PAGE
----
…whenever there appears to be a conflict of “rights,” at least one of the claims — or possibly both — must be phony. (…)
The barbers have the genuine right in this case. They should be legally permitted to refuse haircuts to whomever they please — but not because they have freedom of religion. What they genuinely have a right to, and what the tribunal should recognize and enforce, is a right to plain old unadorned freedom. (…)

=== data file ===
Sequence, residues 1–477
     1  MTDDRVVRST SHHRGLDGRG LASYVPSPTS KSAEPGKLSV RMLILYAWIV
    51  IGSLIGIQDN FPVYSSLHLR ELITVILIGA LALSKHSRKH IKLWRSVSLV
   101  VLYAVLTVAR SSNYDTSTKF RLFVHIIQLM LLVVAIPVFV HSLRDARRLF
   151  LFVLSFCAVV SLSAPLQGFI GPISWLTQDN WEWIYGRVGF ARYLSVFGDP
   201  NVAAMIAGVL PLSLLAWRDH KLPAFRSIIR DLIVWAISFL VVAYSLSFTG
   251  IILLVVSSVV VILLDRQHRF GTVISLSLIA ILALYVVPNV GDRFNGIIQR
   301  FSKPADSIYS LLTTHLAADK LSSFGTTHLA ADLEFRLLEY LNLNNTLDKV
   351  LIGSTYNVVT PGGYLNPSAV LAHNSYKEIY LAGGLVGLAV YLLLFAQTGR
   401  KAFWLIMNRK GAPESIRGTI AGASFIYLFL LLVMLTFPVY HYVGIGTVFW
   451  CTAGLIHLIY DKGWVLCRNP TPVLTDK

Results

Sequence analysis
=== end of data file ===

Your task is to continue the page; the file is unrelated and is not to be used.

Freedom means the absence of coercion. It includes freedom of contract. To have a contract, you must have a meeting of minds on all the major terms of the contract, including the identity of the person with whom you are contracting. If you don’t want to deal with someone for whatever reason — be it that they’re female, or not a member of your family, or that they’re left-handed, or they smell bad — you should be free to decline. If they have the right to force you to deal with them, then we’re back to involuntary servitude.